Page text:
Battery used Battery charging

Rebuilding a Solar Powered Website

You’re looking at a completely rebuilt version of the solar powered website, which now allows you to turn off the dithering compression and see the original images.

A screenshot of the markdown file for this page.
A screenshot of the markdown file for this page.
View original image View dithered image

During the last months we have been working on switching the solar powered website from one static site generator (Pelican) to another (Hugo). Many readers will not notice the changes right away, as we have not made any major adjustments to the design. Nevertheless, the new platform has allowed us to address some issues based on the feedback we received over the years.

The new solar website was designed by Marie Otsuka and Roel Roscam Abbing, the same people who were behind the first solar design. Marie Verdeil assisted throughout the process and coordinated the migration of the website.

Switching Platforms

The original solar website, launched in 2018, ran on a static site generator called Pelican. While this remains a good choice for a relatively small website, the solar-powered version of Low-tech Magazine has grown significantly over time. Initially it featured only a selection of the English language website, but has expanded over time to contain not only more English language articles, but translations in five other languages as well. Organizing articles and publishing changes on such a large website became a cumbersome process. For example, it took more than an hour to regenerate the site on changes – even if we only added one comment.

Hugo is a static site generator written in a faster programming language. In Pelican, much of the functionality we needed for the website such as support for multiple languages and image compression came as plugins of varying quality. This lead to limitations over time. In Hugo, these features are better supported from the start as they are core to the project. As a consequence of switching to Hugo we managed to reduce the generation time on the server from over an hour to approximately twelve minutes. On a modern laptop the difference is between several minutes and several seconds of generation.1 This difference in time also means a difference in energy use on the server.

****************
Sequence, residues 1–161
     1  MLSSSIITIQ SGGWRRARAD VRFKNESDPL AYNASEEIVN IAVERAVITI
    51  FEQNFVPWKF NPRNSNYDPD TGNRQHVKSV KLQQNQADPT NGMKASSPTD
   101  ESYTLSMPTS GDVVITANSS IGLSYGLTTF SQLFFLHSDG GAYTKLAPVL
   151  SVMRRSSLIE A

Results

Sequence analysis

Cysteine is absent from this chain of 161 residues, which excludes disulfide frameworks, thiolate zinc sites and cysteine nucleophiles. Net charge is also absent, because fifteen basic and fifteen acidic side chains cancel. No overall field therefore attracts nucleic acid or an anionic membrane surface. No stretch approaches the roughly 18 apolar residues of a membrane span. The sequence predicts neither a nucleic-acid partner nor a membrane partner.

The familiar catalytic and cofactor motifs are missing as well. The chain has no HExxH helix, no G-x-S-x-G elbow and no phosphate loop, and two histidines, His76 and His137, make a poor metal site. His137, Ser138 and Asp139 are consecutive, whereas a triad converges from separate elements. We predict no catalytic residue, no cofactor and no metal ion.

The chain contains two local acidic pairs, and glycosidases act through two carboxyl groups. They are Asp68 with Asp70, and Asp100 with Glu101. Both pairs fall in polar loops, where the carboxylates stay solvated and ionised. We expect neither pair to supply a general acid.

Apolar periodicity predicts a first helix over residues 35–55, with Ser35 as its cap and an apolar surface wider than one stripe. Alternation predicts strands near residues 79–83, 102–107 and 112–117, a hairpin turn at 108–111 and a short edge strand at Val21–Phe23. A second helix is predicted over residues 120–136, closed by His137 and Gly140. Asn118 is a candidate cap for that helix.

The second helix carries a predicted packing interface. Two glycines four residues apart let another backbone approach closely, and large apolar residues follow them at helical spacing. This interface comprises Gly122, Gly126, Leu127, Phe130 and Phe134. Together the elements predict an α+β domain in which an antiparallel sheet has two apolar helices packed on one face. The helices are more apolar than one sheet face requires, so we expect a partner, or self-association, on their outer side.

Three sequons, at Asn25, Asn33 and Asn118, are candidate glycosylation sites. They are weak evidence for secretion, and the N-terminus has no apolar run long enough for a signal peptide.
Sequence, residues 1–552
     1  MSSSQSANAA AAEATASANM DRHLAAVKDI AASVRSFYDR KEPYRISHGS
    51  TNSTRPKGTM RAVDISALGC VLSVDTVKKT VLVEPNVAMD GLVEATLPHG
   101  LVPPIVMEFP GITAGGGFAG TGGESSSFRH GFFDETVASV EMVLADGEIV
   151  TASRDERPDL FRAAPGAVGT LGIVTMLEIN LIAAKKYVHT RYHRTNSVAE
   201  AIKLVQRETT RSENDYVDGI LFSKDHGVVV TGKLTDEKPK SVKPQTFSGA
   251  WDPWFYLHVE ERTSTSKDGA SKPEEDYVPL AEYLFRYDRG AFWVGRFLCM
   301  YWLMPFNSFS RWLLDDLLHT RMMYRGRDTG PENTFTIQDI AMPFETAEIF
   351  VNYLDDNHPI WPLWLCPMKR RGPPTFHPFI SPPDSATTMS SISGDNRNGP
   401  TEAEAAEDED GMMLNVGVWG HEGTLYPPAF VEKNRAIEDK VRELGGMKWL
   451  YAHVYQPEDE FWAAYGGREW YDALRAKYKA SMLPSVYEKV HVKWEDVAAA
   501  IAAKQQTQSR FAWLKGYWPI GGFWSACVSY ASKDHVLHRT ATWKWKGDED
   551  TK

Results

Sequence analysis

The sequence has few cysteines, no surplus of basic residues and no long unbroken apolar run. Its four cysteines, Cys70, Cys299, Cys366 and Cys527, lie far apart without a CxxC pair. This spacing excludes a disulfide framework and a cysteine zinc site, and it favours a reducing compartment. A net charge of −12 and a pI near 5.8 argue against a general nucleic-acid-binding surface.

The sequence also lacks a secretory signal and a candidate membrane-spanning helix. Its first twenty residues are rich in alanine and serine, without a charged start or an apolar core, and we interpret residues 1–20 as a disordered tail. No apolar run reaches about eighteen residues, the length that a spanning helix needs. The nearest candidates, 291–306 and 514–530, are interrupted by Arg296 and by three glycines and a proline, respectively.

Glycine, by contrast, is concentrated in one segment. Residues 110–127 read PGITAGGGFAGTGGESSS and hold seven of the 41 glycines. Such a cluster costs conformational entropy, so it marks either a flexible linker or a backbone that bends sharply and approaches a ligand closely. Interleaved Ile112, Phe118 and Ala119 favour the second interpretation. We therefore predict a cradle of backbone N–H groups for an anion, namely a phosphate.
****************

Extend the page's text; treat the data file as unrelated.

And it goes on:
Aside from faster website builds, Hugo allows for a better organisation of content and is more flexible in defining categories for displaying that content. This allowed us, for example, to create dedicated pages highlighting the different contributors and translators to the magazine. However, despite both projects using posts written in Markdown, migrating all content from Pelican to Hugo was a time-consuming task. Both because of subtle differences in the post metadata format and because our Hugo setup requires its own shortcodes to allow the display of images, captions, and links. We converted the majority of articles from one platform to another using a custom script, but it still took another two months to iron out and manually repair inconsistencies in the content.

Design changes

Battery meter

The new platform allowed us to address two design issues that regularly came up in the feedback over the last years. The first concerns the battery meter, which reflects the battery status of our off-the-grid website configuration. Some people found that it interfered with the reading process, especially when it’s halfway the page. The battery meter remains an elementary part of our design, revealing the material infrastructure that supports the website. However, it now remains at the top of the document, and no longer moves along as one scrolls down an article to interfere with the text.


The second and major design improvement concerns the images. Dithered image compression works great for many images, and even makes black and white images more attractive. However, some images become unclear. This is especially so for graphs, which can become unreadable if they are not designed with dithering in mind. For some other images, the colors convey information that is lost in the dithering process.

The new design allows the visitor to turn off the dithering compression for individual images, revealing the original photo or illustration. The original images we show are compressed in a conventional way and are slightly heavier than the dithered images. Revealing them thus increases the load on our server. It remains to be seen how this will influence the energy use and uptime of the solar website.